If you’re not looking for a great bank to use long-term, it may not be a problem to set up an account with a bank like this just to get your residence. As with setting up a corporation, it is perfectly fine to discontinue your use of your new bank account once you have received your residence permit. You can even remove the $5,000 from your Panama bank account as soon as you have applied for the Friendly Nations Visa.
If your goal is to find a quality offshore bank to use on a regular basis, I would look outside of Panama. Panama used to have some of the best offshore banks in the world before the tax justice crusaders at the OECD slapped Panama on a gray list of “opaque” banking jurisdictions and Panama responded by signing information-sharing agreements.
The OECD came back for more and Panama ended up eliminating any kind of bank secrecy benefits and, to be honest, any other benefit to banking in Panama. Panama banks were never on my list of favorite places to hold an offshore account. They are fine, but they are not the best. And here at Nomad Capitalist, we live by the words, “Go where you’re treated best.”
All of the documents that you submit for you Friendly Nations Visa application must be valid, authenticated, and translated. Validity simply means that the document was issued within 90 days of the application.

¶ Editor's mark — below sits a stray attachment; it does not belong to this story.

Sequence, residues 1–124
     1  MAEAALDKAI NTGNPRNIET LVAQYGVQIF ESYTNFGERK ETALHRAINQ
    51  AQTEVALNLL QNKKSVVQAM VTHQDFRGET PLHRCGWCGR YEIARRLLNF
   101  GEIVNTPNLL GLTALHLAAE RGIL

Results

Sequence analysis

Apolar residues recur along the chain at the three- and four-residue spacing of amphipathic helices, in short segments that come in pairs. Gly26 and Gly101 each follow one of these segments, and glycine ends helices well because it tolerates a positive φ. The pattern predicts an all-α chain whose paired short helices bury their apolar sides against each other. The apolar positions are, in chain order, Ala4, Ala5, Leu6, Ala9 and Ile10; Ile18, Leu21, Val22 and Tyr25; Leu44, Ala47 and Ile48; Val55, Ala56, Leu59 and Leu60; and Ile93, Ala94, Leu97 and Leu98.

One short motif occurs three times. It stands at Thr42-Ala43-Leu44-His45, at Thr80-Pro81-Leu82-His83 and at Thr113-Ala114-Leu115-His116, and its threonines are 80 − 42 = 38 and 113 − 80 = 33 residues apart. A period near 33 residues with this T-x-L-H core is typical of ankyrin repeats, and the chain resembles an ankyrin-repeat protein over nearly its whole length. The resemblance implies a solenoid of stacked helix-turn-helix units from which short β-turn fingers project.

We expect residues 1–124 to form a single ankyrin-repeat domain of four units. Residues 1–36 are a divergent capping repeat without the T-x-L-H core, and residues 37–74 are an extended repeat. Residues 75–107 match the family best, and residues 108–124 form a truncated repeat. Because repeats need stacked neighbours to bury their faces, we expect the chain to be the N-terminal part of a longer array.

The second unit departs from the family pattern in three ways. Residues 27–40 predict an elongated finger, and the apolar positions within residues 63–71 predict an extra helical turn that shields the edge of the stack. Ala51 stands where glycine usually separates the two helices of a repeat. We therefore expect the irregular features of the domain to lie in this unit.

You can authenticate a document either by having it apostilled through the Secretary of State Department in your home state or by having it authenticated by the Panamanian Consulate in the country of issue.
If your documents are in any language other than Spanish, you must have them translated by a qualified translation agency and notarized.
The documents you must submit are as follows:
- Eight passport size photos
- Criminal history background check
- Copy of second ID from applicant’s country of origin
- Medical certificate of good health issued in Panama by a qualified doctor (often handled by the lawyer’s office)
- Proof of professional and economic ties (see above)
- Proof of financial solvency
- Proof of address (notarized rental contract, property title, or letter from the hotel)